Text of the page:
Shear rheology of concentrated emulsions at finite inertia: a numerical study
University of Delaware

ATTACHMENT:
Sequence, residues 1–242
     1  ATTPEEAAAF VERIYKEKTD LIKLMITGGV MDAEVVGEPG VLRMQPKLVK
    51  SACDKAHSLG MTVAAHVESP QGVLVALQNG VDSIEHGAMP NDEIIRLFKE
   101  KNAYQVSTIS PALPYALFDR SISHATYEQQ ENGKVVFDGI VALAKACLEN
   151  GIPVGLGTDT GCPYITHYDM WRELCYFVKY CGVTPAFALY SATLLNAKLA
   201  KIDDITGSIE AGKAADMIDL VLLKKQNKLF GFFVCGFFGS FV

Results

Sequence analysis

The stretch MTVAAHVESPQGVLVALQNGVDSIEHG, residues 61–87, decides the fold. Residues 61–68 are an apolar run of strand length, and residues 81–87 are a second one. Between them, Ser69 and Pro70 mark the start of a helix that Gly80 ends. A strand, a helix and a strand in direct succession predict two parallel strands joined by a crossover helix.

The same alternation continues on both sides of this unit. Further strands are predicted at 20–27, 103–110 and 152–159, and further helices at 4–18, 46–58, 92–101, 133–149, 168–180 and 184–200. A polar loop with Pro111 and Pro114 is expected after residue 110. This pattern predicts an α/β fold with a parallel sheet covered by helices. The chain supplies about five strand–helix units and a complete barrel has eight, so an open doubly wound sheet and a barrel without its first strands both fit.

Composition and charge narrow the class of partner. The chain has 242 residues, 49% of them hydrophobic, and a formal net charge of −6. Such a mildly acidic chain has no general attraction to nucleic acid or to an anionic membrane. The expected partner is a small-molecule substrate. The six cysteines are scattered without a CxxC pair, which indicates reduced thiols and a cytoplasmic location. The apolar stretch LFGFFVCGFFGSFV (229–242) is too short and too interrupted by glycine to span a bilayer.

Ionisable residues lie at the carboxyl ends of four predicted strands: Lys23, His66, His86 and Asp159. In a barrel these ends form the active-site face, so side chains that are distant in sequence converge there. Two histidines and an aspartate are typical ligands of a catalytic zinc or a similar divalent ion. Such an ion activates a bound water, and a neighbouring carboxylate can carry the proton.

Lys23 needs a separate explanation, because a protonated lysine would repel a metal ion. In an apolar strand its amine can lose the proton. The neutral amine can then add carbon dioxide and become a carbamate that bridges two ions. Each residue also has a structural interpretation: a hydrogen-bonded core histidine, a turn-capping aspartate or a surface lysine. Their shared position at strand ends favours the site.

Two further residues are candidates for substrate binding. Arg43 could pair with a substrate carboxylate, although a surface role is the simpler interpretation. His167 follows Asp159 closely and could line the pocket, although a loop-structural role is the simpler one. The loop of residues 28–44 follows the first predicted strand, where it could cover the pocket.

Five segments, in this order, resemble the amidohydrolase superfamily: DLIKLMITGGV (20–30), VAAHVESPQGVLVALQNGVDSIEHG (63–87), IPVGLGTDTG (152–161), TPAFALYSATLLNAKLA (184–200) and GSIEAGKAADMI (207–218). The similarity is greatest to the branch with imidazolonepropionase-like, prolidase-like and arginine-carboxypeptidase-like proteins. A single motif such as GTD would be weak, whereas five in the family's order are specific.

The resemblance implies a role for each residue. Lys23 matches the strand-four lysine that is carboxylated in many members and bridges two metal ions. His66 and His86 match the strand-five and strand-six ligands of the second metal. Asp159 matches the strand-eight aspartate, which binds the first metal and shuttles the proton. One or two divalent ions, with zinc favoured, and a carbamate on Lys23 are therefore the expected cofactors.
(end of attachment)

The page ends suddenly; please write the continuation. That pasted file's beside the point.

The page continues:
The dynamics and rheology of an emulsion of viscous drops in shear flow is investigated computationally. The simulations are performed using a three-dimensional front tracking method. An emulsion gives rise to an effective non-Newtonian rheology with finite normal stress differences and shear-dependent viscosity. Previous estimates about the bulk properties of emulsions were limited to Stokes conditions under which a positive first normal stress difference and a negative second normal stress difference are predicted. However, the introduction of finite inertia significantly modifies the behaviour of emulsions. The normal stress differences change sign and the emulsion shows a shear-thickening behaviour with inertia. Computed rheological properties (effective shear viscosity and first and second normal stress differences) in conditions close to Stokes limit match well with the existing theoretical and simulated results. The first component of the rheology arising from the interfacial stresses at the drop surface is investigated as functions of particle Reynolds number, capillary number and volume fraction. The sign change is caused by the increase in drop inclination in presence of inertia, which in turn directly affects interfacial stresses due to drops. Increasing volume fraction or capillary numbers increases the critical Reynolds numbers for sign reversals due to increasing alignment of the drops with the flow directions. The Reynolds stresses which form the second component of the stress formulation are also considered in detail. The primary components of the Reynolds stress showed a simple scaling with Reynolds number for moderate values of inertia. They showed a non-linear increase at larger values of Reynolds number. A comparison of the estimated effective viscosity with an established empirical relation is also presented. Presence of finite surface tension results in a characteristic stress relaxation time scale for emulsions. This is investigated for both dilute and concentrated systems and the results are verified against the standard theoretical expressions. Finally, to enhance the capabilities of the current computational method to handle extremely low Reynolds number flows, a parallel version of the Alternate Direction Implicit method is implemented.